After my enthusiastic post, “Here it Comes!“, followed by the deflated and negative, “And There it Goes,” I do not want to add more negative critical commentary beyond this post. This latest Wikileaks release has generated, once again, a tremendous anti-war momentum and wave of criticisms of U.S. actions in its “global war on terror” (not just limited to Bush, but extending to his foreign policy successor, Obama, who has retained and even amplified some of the most pernicious features of that war), and that remains the most important aspect of this document release. Thus, after this post, I will dedicate myself to simply reblogging items from the copyright-free Bureau of Investigative Journalism, probably for the whole of the coming week. (Whether people read them or comment on them here does not matter as much as enhancing the overall visibility of the reports and thus serving as a message force amplifier.)
There have been some striking revelations released via Wikileaks’ media partners, that deserve notice, including:
- The number of Iraqi civilians killed by U.S. forces, and by its Iraqi allies, is greater than the numbers made public by the U.S. during the Bush administration.
- That the current regime in Iraq is just as brutal in its torture and abuse of detainees as anything that came before, and the U.S. has not only told its personnel to avert their eyes, and not report the abuses, but has also transferred detainees into the custody of the Iraqis, in what is a clear and very grave violation of international law.
- That in almost 400,000 documents, for “Operation Iraqi Freedom,” the word “democracy” appears only eight times; IEDs, however, are mentioned 146,895 times.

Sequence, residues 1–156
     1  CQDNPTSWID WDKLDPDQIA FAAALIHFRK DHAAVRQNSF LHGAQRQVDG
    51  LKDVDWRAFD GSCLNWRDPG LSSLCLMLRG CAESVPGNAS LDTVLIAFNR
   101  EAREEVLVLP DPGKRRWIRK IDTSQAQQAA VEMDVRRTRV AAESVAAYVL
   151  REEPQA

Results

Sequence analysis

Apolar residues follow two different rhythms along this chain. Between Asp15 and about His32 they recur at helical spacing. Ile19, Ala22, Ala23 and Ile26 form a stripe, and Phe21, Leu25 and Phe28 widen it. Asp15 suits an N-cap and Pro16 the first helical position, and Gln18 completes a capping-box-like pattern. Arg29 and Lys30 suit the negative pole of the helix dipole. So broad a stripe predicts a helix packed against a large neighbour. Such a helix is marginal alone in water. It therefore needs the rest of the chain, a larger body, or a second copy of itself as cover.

- The lies of “counterinsurgency”: far from just working with civilians and winning hearts and minds, Iraq saw an 80% increase in Hellfire strikes after the arrival of counterinsurgency guru General David Petraeus.
- That U.S. troops used Iraqi civilians as minesweepers, killed hundreds at checkpoints, and murdered insurgents who surrendered–all of which, and notably the latter, are direct violations of international law and constitute war crimes.
- That Iran has been more directly and actively involved in fighting the war against the U.S. than was previously known, the two sides coming to actual blows on a number of occasions.
What is missing, and what is limited, about the publicly available files is also worthy of note. I will simply list the points below, quoting extensively from media sources:
Fragmentary, Incomplete, One-Sided:
As Der Spiegel, one of Wikileaks’ several media partners for this release, put it: the reports “are one-sided and subjective, unverifiable and, in many cases, were produced on the battlefield, making it easier for errors to slip through.” Der Spiegel also added, and this was a theme we explored before with the Afghan War Diary: “As is so often the case with raw texts from original sources, the documents have the advantage of authenticity, but the disadvantage of being incomplete.” Moreover, “key events in the Iraq war do not appear in the reports and the political background and context is lacking.” Al Jazeera, which this time was another of Wikileaks’ media partners, also added: “an important caveat is in order: these reports only tell one side of the story, and a limited one at that; they lack higher-level analysis, and many of them are based on interviews with informants of often-questionable credibility.” Al Jazeera thus also raises the credibility issue and states with reference to records pointing to Syrian intervention: “Some of the reports, though, are hard to believe: A May 2005 cable claims that a Syrian ‘recruiter’ for al-Qaeda in Iraq recently returned to Iraq with ’50 Syrian suicide bombers/terrorists.’ Neither was the information sourced, nor was the report followed by a wave of suicide bombings.”